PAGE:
anybody can help me? How to culculate totalsale for each division..

I've tried many time but failed..
my coding is below

#ifndef DIVISIONSALE_H
#define DIVISIONSALE_H


class DivisionSale{
      private:
              double sales [3];
              double totalSales;
      public:
             DivisionSale(double,double ,double ,double);
             double getQuaterSale(int);
             double getDivisionSale();
             void culculateTotalSale(DivisionSale[], int);
};
#endif
#include "DivisionSale.h"
#include<iostream>
using namespace std;

DivisionSale::DivisionSale(double qtr1, double qtr2, double qtr3, double qtr4){
                      sales[0] = qtr1;
                      sales[1] = qtr2;
                      sales[2] = qtr3;
                      sales[3] = qtr4;
                      }
double DivisionSale::getQuaterSale(int y){
                      return sales[y];
                      }

double DivisionSale::getDivisionSale(){
                      return totalSales;
                      }


void DivisionSale::culculateTotalSale(DivisionSale arr[], int size){
                      for(int i=0; i<size; i++){
                          totalSales += arr[i].sales[i];  
                      }
                   }
#include<iostream>
#include "Division.cpp"
#include<iomanip>
using namespace std;

int main(){
    const int NUM_DIVS = 6;
    const int NUM_QTRS = 4;
    DivisionSale div [NUM_DIVS]={DivisionSale(120.50, 250.65, 300.85, 2000.10),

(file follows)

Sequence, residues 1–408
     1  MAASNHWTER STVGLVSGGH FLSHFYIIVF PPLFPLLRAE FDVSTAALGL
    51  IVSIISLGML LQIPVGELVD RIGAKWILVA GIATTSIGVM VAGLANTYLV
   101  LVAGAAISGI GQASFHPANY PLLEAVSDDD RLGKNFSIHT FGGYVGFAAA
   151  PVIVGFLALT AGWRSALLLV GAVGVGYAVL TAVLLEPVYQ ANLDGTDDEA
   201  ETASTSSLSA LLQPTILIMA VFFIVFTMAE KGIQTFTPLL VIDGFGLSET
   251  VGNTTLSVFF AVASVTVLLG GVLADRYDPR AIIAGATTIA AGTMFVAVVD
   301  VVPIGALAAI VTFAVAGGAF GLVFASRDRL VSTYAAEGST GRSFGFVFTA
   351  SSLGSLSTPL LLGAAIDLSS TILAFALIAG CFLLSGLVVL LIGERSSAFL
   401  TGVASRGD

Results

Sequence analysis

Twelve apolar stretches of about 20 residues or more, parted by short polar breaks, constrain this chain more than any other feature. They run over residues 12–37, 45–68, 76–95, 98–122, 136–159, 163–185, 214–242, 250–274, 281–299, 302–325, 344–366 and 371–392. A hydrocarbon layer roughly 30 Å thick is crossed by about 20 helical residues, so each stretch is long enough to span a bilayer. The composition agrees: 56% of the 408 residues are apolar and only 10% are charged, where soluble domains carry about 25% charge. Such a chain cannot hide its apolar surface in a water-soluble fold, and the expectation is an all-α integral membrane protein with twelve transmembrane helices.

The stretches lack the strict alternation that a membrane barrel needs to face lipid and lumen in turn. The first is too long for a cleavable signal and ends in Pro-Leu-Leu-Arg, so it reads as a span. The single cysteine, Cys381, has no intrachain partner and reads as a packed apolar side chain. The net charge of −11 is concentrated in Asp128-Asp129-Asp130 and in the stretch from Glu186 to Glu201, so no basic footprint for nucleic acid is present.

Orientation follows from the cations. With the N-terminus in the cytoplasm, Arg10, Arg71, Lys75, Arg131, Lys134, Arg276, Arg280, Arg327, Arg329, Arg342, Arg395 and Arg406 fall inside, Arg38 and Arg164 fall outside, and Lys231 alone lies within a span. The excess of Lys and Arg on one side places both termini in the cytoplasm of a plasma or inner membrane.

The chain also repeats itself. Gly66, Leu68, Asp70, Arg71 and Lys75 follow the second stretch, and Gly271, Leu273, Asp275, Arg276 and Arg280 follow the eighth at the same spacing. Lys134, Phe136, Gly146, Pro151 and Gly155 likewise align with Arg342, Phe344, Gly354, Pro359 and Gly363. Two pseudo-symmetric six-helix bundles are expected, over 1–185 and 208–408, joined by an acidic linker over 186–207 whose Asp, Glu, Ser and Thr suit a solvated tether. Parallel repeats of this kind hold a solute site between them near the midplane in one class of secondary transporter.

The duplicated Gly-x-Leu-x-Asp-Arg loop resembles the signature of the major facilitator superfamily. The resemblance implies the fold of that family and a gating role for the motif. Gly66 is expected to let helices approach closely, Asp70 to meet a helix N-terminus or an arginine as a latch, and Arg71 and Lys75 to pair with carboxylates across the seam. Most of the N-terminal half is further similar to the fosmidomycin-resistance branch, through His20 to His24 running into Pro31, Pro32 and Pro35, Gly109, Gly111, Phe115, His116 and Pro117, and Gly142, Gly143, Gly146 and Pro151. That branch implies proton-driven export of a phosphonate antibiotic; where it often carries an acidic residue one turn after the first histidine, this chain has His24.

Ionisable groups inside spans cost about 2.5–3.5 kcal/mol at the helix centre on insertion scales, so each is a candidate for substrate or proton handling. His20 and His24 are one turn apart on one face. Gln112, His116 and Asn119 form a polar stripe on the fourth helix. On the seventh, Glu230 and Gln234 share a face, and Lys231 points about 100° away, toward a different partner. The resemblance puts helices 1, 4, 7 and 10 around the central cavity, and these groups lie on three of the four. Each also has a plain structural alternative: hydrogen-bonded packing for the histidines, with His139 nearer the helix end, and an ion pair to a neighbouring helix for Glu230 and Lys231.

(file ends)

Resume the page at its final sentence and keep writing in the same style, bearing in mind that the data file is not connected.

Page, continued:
DivisionSale(789.56, 2500.46, 500.15, 120.60),
                                 DivisionSale(800.55, 950.15, 150.25, 400.22),
                                 DivisionSale(350.29, 450.45, 750.15, 800.25),
                                 DivisionSale(450.50, 500.15, 750.15, 800.25),
                                 DivisionSale(400.65, 650.22, 780.10, 250.35)};
    /*for(int i=0; i<NUM_DIVS; i++){
       div[i].culculateTotalSale(div,NUM_DIVS);
    }*/
    
    cout<< fixed << showpoint << setprecision (2);
    for(int i=0; i<NUM_DIVS; i++){
     cout<<"Sales for division: "<<(i+1) <<endl;
        for(int j=0; j<NUM_QTRS; j++){
          cout<<"Quater "<<(j+1)<<" :RM "<< div[i].getQuaterSale(j)<<endl;
        }
        cout<<"Total Year Sales: "<<div[i].getDivisionSale()<<endl<<endl;
    }
    
    system("pause");
    return 0;
}

For starters you have a problem in your DivisionSale class.
The size of the sales array needs to be 4 not 3. There are 4 quarters in a year, so you need to allocate space for 4 double values in your sales array:

class DivisionSale{
      private:
              double sales [3]; // <**** This should be 4 NOT 3!
...